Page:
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The Muslim God is a bit more like the Jewish God.
There is no Trinity in Muslim tradition. Jesus was a prophet, but no more divine than other prophets.
God has never has had anything like physical attributes and has no gender. (Some Muslim commentators say that the noun “Allah” is masculine, but only in the way that all nouns in some languages include gender.)
Muslim tradition holds that God wants one thing from humans: Submission. The word “Islam” is defined as “submission to the will of God.”
For Muslims, all true prophets in Jewish and Christian traditions were actually Muslim because they knew to submit correctly to God. Differences between Muslim, Jewish and Christian interpretations of God are due to errors that crept into the other two faiths, Islam teaches.
The Muslim God, like the other two, initially demanded that Abraham sacrifice a son. But the Muslim God wanted Abraham’s son Ishmael, not Isaac, who Jewish tradition holds was offered as a the sacrifice.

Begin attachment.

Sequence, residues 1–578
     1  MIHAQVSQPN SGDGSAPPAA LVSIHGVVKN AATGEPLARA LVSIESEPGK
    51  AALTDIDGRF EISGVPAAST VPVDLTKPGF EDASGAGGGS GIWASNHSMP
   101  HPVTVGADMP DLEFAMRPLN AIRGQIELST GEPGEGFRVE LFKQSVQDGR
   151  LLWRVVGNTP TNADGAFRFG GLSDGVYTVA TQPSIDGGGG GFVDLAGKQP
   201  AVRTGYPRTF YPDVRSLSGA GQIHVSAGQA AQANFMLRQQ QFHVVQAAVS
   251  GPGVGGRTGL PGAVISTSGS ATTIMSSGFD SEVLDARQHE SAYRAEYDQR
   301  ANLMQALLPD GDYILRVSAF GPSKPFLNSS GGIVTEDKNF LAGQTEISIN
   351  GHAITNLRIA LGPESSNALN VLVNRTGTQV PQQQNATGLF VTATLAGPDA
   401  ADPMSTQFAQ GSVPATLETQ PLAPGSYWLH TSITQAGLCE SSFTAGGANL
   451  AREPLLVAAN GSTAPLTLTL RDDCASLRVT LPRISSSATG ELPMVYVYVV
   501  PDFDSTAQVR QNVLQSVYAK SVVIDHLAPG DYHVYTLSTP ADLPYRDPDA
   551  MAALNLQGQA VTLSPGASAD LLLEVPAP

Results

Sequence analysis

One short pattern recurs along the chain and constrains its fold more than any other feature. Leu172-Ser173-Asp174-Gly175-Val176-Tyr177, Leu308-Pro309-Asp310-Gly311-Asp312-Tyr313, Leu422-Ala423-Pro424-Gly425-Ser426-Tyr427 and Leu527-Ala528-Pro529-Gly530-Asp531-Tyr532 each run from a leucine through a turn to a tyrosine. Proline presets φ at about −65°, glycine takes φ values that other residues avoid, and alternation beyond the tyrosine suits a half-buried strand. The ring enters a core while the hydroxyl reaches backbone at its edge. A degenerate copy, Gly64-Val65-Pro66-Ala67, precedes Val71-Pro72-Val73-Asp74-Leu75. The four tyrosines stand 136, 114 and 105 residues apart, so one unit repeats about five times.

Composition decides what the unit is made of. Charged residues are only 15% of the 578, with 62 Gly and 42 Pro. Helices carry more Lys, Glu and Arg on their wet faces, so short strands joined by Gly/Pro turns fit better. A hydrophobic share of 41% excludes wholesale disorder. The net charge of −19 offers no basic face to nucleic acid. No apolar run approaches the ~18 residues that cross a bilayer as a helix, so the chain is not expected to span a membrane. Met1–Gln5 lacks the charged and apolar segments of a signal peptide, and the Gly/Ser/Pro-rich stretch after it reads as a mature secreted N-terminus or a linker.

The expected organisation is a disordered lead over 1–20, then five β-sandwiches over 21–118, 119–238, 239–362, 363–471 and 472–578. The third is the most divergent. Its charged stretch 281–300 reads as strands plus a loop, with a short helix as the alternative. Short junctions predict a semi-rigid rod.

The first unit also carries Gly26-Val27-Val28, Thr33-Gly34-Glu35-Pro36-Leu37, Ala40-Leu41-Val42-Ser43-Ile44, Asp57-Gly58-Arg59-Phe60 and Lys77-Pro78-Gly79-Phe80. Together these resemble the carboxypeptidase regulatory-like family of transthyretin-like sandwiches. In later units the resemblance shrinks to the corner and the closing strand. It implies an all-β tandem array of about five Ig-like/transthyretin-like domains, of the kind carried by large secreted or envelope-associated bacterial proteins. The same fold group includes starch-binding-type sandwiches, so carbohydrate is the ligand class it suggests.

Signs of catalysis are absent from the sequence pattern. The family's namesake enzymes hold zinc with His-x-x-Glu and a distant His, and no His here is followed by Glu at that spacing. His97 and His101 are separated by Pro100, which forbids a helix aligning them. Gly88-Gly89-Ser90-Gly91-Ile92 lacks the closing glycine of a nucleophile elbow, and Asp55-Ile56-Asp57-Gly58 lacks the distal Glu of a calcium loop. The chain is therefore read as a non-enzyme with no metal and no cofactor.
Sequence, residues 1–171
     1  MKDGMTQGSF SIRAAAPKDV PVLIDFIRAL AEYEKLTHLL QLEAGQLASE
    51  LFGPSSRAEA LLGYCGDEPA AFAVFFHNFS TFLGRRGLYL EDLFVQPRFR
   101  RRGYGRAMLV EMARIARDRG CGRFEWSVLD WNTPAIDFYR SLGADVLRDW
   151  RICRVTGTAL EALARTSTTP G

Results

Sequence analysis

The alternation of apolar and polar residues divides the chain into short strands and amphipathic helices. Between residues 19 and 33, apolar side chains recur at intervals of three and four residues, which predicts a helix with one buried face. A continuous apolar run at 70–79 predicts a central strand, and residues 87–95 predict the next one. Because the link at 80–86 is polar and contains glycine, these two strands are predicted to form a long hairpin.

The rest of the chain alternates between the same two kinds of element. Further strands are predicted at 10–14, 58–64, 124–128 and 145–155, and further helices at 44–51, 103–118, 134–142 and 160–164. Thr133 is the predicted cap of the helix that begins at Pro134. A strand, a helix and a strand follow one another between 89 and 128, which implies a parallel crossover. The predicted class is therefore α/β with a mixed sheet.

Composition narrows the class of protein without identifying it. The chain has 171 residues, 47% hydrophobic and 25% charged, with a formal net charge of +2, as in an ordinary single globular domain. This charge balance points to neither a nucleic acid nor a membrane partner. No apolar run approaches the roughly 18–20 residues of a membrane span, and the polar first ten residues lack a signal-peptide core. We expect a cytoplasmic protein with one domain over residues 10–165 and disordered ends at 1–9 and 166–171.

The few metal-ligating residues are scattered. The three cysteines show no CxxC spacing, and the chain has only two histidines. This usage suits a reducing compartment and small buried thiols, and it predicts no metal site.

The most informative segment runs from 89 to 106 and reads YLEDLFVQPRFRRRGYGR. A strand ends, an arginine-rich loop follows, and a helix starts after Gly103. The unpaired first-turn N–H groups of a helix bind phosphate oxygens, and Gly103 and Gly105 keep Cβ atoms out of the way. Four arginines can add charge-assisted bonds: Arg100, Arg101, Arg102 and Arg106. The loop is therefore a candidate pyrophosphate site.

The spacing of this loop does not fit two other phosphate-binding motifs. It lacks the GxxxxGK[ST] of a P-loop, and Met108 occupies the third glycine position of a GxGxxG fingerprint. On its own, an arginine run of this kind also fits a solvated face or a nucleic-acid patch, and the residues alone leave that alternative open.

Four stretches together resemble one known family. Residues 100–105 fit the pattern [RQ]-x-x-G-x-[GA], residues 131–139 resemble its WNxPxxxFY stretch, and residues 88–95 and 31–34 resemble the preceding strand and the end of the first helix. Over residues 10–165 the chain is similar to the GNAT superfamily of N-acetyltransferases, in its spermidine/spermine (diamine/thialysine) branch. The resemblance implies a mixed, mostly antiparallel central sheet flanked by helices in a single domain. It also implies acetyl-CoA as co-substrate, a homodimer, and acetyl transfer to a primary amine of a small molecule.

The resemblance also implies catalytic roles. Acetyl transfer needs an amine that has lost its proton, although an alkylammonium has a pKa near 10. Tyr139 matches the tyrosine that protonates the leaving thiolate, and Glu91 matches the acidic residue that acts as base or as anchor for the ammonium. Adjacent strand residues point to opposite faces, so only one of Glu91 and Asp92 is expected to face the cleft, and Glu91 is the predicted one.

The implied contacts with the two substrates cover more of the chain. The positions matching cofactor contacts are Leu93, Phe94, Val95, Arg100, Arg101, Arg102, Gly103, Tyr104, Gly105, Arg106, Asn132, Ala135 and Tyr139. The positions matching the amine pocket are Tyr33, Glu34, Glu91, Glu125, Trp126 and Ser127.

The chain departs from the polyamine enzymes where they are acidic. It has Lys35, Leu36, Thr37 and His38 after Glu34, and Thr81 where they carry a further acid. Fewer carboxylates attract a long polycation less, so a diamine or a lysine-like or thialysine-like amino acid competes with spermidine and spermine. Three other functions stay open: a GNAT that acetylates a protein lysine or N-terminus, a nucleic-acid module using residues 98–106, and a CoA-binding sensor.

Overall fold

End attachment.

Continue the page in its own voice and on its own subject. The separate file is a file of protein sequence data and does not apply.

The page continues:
The Muslim God also designated, from before the world began, a perfect man to be his final prophet: Muhammad. God’s perfect truths are found only in the Quran and in the sayings of Muhammad, the hadiths.
And the Muslim God, like the Christian God but unlike the Jewish God, will welcome believers to paradise and condemn many non-Muslims -- exactly which ones is a matter of much discussion -- to eternal torment.
So do Christians Muslims, and Jews, really all worship the same God?
In two major volumes on the subject recently published by scholars from various faiths and traditions, including Volf’s, the most inclusive response from these scholars is basically: Yes, and it’s our God.
This is not a new way of answering the question.
In 1076, Pope Gregory VII wrote this to a Muslim leader: “We believe in and confess one God, admittedly, in a different way…”
But like many other religious leaders on all sides of the argument, Gregory insisted that his version of the Almighty is the one whom the others are unknowingly and incompletely worshiping.
A less exclusivist set of religions might shrug off the differences. But all three claim to have the only “True Faith.”
So do all three faiths actually worship the same deity, whether they call him God or Allah or Adonai?
God only knows.
Jeffrey Weiss is an award-winning religion reporter in Dallas.The views expressed in this column belong to Weiss.